The 2013 World Ski and Snowboard Festival: Pro Photo Showdown, The Shred Show, and the Evolution of a Spring Fling

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Evolution is a necessity, particularly in the snowsports world. Do the same thing the same way for more than a few years, and it can get stale, wither and die. For the 2013 World Ski and Snowboard Festival in Whistler, BC, evolution became a necessity. And the Festival Formerly Known as Telus once again proved it was the best spring-time party in Canada.

Now eighteen years deep, what began as the Westbeach Classic has morphed into ten days of legitimate contest riding and legitimate partying in the village, year after year. This year, I arrived a little late, by most accounts—there were a lot of “you should have been here last weekend” comments in the air, given that Nas played a free show while skiers hucked carcass of a big air wedge in the village. But by my account, my timing was bang on—I arrived just in time to watch Andy Wright win $10k at the Pro Photo Showdown. With a show spanning his 15-years-or-so at the forefront of the snowboard photography scene, classic imagery of the likes of MFM, Seth Huot, Mikey Leblanc and more balanced well with the less-obvious moments and progressive action with E-Jack, Mueller and more. Congrats, Andy—you did snowboard nation proud.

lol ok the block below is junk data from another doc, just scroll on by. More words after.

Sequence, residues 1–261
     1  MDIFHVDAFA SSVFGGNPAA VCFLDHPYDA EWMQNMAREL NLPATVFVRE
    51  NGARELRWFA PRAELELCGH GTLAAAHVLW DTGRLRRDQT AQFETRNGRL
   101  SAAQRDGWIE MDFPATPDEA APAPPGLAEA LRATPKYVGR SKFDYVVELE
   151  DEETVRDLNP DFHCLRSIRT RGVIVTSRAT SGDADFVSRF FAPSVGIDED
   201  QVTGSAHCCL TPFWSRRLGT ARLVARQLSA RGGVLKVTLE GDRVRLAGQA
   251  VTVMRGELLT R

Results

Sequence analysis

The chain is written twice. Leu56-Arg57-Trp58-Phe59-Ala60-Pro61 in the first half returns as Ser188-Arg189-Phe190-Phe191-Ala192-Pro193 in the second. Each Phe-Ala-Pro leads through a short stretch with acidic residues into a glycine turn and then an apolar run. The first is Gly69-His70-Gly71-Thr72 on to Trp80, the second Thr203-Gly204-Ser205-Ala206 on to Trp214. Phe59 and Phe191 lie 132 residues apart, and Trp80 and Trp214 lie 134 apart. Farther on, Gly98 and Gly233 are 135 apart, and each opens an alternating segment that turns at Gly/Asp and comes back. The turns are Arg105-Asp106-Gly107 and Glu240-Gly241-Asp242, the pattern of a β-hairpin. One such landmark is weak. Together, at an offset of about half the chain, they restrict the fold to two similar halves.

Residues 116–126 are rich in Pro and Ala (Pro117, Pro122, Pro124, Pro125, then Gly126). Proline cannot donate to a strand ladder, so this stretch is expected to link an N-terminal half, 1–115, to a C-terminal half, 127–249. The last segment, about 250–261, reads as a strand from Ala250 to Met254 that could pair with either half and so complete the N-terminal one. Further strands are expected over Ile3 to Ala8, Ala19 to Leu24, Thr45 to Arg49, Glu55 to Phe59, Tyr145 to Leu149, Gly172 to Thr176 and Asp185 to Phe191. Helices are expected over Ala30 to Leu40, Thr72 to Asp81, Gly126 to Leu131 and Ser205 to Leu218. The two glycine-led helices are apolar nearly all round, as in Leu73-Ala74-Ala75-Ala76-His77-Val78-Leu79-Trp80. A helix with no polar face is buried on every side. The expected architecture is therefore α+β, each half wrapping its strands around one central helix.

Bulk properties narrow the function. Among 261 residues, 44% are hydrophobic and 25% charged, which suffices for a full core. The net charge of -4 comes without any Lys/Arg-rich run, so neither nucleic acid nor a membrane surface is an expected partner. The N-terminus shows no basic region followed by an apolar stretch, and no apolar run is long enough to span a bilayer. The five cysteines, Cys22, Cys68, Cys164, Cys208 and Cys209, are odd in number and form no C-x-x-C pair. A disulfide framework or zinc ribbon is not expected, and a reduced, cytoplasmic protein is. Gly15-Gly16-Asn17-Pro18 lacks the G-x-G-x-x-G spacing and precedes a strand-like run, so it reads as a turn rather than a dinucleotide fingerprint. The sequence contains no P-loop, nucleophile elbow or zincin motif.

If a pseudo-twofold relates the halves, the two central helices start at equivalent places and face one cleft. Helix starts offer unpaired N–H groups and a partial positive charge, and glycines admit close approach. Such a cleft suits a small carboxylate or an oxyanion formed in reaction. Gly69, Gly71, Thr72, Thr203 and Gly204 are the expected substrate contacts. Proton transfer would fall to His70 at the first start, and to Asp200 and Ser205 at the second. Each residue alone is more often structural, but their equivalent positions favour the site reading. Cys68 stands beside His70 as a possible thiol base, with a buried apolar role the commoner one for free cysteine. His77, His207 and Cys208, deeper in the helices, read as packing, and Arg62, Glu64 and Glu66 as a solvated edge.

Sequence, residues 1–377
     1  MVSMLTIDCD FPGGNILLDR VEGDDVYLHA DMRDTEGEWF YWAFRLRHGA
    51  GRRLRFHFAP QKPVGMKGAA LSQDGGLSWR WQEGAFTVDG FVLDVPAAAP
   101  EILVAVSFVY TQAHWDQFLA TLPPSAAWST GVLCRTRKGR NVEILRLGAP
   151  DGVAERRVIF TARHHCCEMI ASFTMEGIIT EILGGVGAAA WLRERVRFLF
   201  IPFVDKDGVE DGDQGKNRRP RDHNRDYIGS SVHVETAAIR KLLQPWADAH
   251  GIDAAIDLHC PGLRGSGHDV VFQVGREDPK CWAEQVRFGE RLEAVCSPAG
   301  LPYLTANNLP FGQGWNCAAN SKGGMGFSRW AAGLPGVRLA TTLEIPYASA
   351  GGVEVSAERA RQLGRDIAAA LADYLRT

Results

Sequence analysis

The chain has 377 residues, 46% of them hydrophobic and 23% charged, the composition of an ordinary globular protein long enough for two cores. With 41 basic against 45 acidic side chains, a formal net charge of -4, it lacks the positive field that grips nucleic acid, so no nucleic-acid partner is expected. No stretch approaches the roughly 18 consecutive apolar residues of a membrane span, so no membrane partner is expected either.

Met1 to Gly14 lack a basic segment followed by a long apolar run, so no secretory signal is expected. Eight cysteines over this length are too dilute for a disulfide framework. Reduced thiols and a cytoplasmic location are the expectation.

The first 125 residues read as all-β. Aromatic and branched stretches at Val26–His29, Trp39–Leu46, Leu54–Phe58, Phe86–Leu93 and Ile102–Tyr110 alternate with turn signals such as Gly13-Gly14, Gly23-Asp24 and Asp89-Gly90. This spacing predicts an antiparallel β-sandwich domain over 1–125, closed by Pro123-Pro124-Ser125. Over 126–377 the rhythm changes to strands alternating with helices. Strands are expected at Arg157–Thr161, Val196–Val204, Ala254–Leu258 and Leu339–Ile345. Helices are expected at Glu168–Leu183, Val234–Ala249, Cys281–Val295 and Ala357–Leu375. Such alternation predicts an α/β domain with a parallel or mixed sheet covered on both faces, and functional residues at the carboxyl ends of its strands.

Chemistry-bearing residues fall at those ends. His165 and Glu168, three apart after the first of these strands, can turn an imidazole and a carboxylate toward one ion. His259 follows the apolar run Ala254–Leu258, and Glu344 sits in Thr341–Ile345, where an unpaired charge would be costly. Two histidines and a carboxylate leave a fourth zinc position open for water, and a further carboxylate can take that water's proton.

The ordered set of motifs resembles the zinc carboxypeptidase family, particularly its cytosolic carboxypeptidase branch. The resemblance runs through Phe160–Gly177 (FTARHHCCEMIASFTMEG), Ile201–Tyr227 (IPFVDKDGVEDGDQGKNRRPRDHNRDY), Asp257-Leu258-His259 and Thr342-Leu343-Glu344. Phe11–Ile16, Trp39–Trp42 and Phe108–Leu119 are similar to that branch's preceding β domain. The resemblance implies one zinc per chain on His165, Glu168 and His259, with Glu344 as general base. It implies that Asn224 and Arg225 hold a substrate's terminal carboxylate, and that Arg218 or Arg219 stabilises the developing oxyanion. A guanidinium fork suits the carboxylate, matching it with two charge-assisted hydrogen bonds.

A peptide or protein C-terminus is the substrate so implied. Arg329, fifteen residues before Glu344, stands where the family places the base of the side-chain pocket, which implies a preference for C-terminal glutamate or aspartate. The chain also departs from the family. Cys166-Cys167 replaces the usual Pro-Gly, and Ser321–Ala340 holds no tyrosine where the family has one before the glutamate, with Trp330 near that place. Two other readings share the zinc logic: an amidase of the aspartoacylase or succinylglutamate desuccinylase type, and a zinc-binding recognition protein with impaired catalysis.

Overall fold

Next up was the Monster Energy-produced Shred Show. With none other than Dano Pendygrasse at the helm, The Shred Show has continually updated its program over the last half-decade, evolving from a party-first mentality to a legitimate Big Air/Slopestlye combo event. Now aligned with the TTR World Tour as a pair of five-star events, valuable points were on the line entering the Olympic campaign of 2013/14. But, it didn’t get too serious—free beer and hot dogs were also part of the program. While I won’t bore you with the details of who did what tricks, let’s say that double corks are standard, a Canadian other than Mark McMorris and Seb Toots—namely, Maxence Parrot—stepped up to drop a triple cork, and the police poured out more than a few slopeside beers in the process.

In the end, nobody was sorry for partying, and the festival closed out on Sunday with a dose of late-April bluebird and powder to shake off the weekend-ender hangovers. With a vacant title sponsor spot, the WSSF proved that redefining oneself with a hint more seriousness doesn’t negate tradition and a balanced approach can definitely lead to more good times in the future. The party doesn’t look like it will end anytime soon—and it appears the WSSF remains the best springtime event in Canada for years to come.


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